When I was learning guitar this thing called the modes kept popping up. It became something I tried to understand repeatedly. I asked a couple of different teachers and nothing clicked until I met John Banks. John taught me when I had decided to go to school for music. Last minute was an understatement…I decided that’s what I would do and I put my mind to it.

While I studied under John he explained a fundamental concept of music theory – how to stack thirds to build chords (and recognize the modes inside of them). Chords and modes are related – to fully understand them you need to intellectualize the intervals of the mode and the extensions of the chord.

Another resource that helped me is High Country Guitar. High Country guitar allowed me to jam along with tracks. This put the sound of the mode in my head and helped me intuitively learn how to play it by ear. The website design has changed, but I plan to draw from it, and from what John taught me to teach the modes to guitarists.

The site will be called Diatonic Chordal/Modal Theory. It will consist of multiple websites that each teach a section of the course. The course will have a main site, with forums. When you click on a user’s name you will be able to see the utilities (quizzes) that they have completed. Each utility will have a leader board with the top ten usernames for that exercise.

Utilities will consist of written or aural exercises, and some of those exercises will require a guitar. So for example there could be a utility that tests a student on their ability to identify the root note of a jam track. There could be a utility to spell seventh chords or modes. And there could be a utility to play along with a mode and identify its modality or tonality.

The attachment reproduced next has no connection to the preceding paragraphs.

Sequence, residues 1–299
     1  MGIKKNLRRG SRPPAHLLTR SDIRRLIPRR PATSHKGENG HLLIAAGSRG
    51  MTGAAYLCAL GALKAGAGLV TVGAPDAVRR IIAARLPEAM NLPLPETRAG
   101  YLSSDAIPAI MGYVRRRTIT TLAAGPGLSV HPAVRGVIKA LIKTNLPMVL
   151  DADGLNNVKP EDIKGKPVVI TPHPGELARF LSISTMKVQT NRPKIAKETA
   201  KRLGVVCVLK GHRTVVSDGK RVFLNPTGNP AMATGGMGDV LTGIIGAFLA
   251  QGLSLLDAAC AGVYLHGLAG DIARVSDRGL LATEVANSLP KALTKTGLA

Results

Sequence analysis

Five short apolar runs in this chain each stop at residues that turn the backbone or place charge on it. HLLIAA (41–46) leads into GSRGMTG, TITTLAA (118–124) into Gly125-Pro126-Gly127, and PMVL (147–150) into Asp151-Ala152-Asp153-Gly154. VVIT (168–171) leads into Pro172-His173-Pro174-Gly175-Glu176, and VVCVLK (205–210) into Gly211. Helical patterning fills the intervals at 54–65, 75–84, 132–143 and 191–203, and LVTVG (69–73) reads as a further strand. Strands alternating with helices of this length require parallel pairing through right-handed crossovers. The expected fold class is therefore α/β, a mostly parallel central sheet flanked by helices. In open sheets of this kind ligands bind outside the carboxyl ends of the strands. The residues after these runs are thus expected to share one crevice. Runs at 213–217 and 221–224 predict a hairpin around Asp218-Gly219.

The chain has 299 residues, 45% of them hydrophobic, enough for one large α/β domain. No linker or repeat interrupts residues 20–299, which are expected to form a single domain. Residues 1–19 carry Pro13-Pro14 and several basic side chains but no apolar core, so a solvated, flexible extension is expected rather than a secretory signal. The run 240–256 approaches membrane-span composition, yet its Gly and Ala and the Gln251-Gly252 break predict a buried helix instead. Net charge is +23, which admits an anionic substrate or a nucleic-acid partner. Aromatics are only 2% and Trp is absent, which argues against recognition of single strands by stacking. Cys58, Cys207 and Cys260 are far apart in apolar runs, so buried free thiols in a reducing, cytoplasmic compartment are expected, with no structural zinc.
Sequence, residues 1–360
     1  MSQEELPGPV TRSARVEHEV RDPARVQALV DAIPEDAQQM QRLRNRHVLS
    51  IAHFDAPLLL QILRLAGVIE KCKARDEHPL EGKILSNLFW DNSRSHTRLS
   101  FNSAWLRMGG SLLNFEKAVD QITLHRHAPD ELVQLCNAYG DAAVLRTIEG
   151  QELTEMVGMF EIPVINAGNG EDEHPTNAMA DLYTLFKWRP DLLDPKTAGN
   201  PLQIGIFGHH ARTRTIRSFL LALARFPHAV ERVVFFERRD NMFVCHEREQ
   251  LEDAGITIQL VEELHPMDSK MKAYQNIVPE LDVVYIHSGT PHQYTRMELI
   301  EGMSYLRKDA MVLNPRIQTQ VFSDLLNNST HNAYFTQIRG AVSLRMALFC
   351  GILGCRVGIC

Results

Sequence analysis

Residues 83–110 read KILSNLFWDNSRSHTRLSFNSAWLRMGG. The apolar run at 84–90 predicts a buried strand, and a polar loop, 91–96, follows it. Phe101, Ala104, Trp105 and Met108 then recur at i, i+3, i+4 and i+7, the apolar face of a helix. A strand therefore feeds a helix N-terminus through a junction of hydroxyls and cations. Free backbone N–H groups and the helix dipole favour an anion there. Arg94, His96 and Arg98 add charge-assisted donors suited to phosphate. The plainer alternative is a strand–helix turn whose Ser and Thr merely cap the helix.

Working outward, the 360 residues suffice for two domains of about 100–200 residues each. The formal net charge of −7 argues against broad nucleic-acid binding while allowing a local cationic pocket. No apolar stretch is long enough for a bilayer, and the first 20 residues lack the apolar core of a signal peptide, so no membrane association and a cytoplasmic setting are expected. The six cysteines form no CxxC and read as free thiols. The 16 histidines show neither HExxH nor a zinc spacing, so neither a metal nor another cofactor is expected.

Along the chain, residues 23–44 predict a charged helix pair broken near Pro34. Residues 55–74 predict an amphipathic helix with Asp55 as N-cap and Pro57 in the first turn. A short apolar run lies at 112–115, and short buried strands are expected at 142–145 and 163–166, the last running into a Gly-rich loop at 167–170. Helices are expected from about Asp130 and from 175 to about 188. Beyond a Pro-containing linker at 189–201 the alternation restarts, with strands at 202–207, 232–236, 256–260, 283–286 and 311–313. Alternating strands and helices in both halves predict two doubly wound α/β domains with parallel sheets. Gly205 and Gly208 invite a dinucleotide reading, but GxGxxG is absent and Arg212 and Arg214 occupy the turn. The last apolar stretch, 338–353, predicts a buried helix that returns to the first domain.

For languages I’m using PHP, mainly because I sort of know it. I’m licensing all the code under GPLv2┬áso nobody steals my amateur PHP scripts :). I’ve wanted to build a music education website – Unademy.com for some time now. And I’ve planned everything out and I’ve just realized that I can build most of my ideas now. When I create them I can try to get feedback which is very valuable.

The site doesn’t have to be written in the hippest technologies of the day. The goal is to try to develop something interactive that allows musicians to learn. And to take feedback from people who use it on how it could be better.

The goal will be to mix theory with playing.



Published by burnedfaceless

Brian Abbott is a student at Georgia Southern University's Armstrong campus in Savannah, GA.

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